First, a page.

HomeEstate PlanningIt May Be Time to Review Your Last Will and Testament

It May Be Time to Review Your Last Will and Testament

last will and testamentMy small law practice always gets busy come January since “getting your will done” is just one of those adult things people think about at the beginning of each new year.  For all of those that have already have completed their will it may be a good use of your time to review the contents of the will since life changes.

Items to Think About When Reviewing Your Will

While this list is no where near exhaustive it should at least provide you with some ideas of what to look within your document and even outside your document when reviewing your Will.

Change in Family Dynamics

A change in family dynamics may effect the distribution of your assets, or just as likely, your old testamentary intent is not the same as your current testamentary intent.

  • Did you get married or divorced since your last took a look at your will?
  • Did you have children after your will was prepared and you live in a State without an After Born Child Statute?
  • Did any of your children get married and you don’t trust your new son-in-law or daughter-in-law?
  • Are any of your children estranged?
  • Anyone in your life pick up a new drug habit?
  • Anyone likely to spend some time on government benefits?

Your Children Got Older

As is prone to happen in life time passes. When you first created your will and it stated that your then 5 year old wasn’t going to receive assets outright (as opposed to in Trust) until she was 25 that may have been fine.  However, you take a look and she is 24 and has no idea how to handle the little money she has nevertheless getting a check for what could be more than her entire earnings record…it may be time to check out your documents!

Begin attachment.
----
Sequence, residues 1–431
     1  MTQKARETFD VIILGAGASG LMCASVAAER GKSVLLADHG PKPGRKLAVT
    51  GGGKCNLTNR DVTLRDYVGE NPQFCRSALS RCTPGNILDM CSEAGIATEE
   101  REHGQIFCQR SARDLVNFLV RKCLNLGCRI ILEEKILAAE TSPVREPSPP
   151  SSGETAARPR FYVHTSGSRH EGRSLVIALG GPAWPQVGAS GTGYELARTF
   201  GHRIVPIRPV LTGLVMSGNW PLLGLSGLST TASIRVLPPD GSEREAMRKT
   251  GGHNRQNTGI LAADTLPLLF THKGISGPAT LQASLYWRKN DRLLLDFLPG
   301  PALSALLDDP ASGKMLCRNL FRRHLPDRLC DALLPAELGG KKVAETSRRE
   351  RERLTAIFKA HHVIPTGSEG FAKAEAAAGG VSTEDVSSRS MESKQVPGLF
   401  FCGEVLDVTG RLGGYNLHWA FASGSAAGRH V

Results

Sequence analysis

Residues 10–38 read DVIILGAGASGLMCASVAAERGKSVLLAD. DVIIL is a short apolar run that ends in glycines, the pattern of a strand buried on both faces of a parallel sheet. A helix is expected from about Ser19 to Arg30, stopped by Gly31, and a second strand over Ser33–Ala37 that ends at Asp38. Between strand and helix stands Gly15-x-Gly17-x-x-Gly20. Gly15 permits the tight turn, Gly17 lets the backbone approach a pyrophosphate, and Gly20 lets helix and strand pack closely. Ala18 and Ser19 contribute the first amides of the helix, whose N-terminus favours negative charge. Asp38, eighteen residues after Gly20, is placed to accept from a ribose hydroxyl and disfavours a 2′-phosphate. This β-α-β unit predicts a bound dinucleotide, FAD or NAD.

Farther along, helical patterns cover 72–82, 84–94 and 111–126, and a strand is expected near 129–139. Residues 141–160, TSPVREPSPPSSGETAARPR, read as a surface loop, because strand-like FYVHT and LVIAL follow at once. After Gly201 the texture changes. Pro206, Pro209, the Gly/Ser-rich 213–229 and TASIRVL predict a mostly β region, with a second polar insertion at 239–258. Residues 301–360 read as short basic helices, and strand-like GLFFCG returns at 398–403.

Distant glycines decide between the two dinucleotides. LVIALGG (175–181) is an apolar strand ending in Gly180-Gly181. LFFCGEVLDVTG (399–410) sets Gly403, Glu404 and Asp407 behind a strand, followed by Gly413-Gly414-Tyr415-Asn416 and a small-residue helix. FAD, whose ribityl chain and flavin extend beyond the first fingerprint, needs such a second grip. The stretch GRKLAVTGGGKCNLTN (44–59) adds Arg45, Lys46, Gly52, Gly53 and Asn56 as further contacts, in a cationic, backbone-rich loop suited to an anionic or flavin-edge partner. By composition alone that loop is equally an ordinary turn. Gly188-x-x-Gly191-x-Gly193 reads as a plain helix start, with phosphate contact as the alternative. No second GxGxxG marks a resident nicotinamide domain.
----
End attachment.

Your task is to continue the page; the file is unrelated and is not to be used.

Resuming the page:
You No Longer Speak to Your Fiduciaries

Some of the most important decisions you’ll make when you prepare your will is the naming of important people in your life that you trust.  They may be referred to as different terms in different jurisdictions but basically they are:

  • Guardian(s) – who are going to take care of your minor children if both parents pass?
  • Trustee(s) – who is going to take care of the stuff you leave behind for your heirs? This may be the same person as your Guardian, but it doesn’t have to be.
  • Executor/Executrix – who is going to make sure that, what you want to happen after you die, actually happens?

People enter and leave your life all the time, it would be a damn shame if you named your best friend when you were a child as Guardian but you haven’t talked to them in 5 or 10 years! Or the person you have appointed as a Trustee has since been indicted for a ponzi scheme.

Change in Assets

Maybe when you created your Will you were a struggling parent with basically no worries, well, fast forward a decade or so and you have amassed a good amount of assets.  That may mean something different with regards to how you distribute your assets.  It could be as simple wanting additional protection for your heirs or it could be as complicated as building out your charitable giving desire.

Change in Tax Laws

Probably the least applicable to people when compared to the other reasons on this list, a change in the Federal or even your State’s estate tax law may prompt you to revisit your estate planning documents.  The recent trend has to lower the estate tax burden on families so an increase in assets is likely to get you to see your attorney rather than an estate tax law change, but doesn’t mean it is impossible the pendulum swings the other way one day.

Please Do Not Make Changes Without Speaking to Legal Counsel

I beg of you that if you do find something wrong with your estate plan, please see qualified legal counsel.  I have seen so many mistakes happen with people trying to use an online service or try to edit their own docs.  I once encountered a gentleman worth well north of 7 figures take a pen to  his original and properly executed will.  He then dated the changes after the date of the will…well in New York this is unenforceable and he had no clue.



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